Heat's on 10 sidewalks


Last Updated: 8:11 AM, June 27, 2010

NY Daily News

Posted: 2:46 AM, June 27, 2010

This is some hot property.

Heated sidewalks are the newest luxury for New York City property owners who want winter to simply melt away.

A handful of high-living Manhattanites are paying big bucks to install radiant heating coils beneath their walkways, The Post has learned.

These sizzling sidewalks can be found outside of Cantor Fitzgerald CEO Howard Lutnick's Upper East Side town house, the Edmond J. Safra Synagogue off Fifth Avenue, and a ritzy condo on West End Avenue, where Matt Damon was reportedly house-hunting.

The city Department of Transportation has issued 10 permits for the sidewalk systems recently, including a renewal of the first permit, given in 1975 to a Middle Village, Queens,

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Snowmelt Inc.

Sells convenience, safety in a single turnkey solution

Steve Spaulding, Contractor Snow Melt Inc .com                           Jul. 1, 2011 11:02am


 WARWICK, N.Y. — The situation seemed ideal — idyllic, even. A professional couple had found their dream home here in this picturesque town about 60 miles northwest of New York City. The husband a pharmacist, the wife a dentist, it proved the perfect retreat from their busy workday lives. Accessible via a secondary road and set 800-ft. back from that by a long, winding driveway that had in some sections a 23-degree grade, it had all the privacy they wanted.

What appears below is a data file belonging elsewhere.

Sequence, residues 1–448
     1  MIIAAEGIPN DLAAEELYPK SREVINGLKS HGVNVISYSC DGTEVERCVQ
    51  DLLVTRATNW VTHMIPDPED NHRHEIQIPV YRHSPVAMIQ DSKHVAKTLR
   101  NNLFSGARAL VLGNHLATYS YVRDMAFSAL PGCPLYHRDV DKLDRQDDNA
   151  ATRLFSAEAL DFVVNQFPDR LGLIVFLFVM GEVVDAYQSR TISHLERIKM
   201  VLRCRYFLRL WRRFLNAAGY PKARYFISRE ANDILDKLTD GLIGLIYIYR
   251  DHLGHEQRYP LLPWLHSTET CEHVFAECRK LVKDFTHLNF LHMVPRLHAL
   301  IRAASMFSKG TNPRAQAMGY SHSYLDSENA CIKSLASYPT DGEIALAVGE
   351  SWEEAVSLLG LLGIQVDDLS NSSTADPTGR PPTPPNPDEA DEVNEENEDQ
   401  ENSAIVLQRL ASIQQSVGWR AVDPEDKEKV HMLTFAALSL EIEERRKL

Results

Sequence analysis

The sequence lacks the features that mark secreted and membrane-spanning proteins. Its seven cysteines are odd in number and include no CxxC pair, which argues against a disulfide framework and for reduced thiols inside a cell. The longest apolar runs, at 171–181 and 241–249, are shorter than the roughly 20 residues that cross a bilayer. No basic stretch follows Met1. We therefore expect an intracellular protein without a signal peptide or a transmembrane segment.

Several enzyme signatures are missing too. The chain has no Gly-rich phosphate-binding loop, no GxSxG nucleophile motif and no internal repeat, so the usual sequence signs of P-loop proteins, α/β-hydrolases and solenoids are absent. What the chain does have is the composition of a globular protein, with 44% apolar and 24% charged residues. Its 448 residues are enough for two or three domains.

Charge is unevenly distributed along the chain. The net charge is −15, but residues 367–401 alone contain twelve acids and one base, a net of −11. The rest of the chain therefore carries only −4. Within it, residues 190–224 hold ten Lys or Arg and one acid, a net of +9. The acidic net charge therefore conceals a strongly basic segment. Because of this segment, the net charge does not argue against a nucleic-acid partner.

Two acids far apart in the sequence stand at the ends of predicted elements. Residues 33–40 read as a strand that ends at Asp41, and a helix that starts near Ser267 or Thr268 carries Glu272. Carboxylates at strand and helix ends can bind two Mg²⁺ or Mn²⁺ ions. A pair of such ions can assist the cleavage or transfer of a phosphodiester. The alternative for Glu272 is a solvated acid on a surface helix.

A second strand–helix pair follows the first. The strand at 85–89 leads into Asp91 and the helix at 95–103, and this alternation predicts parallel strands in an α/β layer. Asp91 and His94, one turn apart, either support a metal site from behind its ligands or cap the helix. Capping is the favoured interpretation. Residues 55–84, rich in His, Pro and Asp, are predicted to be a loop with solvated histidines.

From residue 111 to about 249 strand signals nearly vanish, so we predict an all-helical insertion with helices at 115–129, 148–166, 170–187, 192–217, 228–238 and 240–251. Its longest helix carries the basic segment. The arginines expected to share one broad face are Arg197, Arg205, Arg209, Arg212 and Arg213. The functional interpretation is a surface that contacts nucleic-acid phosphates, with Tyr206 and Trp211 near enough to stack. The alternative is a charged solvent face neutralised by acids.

Then came the first few heavy snowfalls, the first early morning ice patches, and the homeowners realized the bind they were in. Some bad days found them parking at the foot of their driveway and climbing the 800-ft. up to the house. The isolation they had wanted was keeping them from enjoying their home, was causing problems running their home (the oil trucks couldn’t make it up the grade in bad weather) and was potentially endangering their lives.

After being told at first their situation was hopeless, the homeowners began looking into an electric radiant snowmelt system. Eventually a sales representative for the Warmzone system from Danfoss put them in touch with Ron Charnecky, the owner/operator of Snowmelt Inc.

Charnecky has been working with mechanical systems for more than 30 years, installing refrigeration, heating, air conditioning and controls solutions for residential, industrial and commercial clients. “We’re a family-owned company,” Charnecky said, “We keep everybody more than 40-hours-a-week busy.”

The seven-man, five-truck company operates out of Ringwood, N.J., with a 200-mile range of operation from the Hamptons to South Jersey. While Charnecky’s brother and cousin are now running the mechanical contracting side of the business, Charnecky himself is focusing on the snowmelt side — and the way the company sells its systems demands a high degree of focus.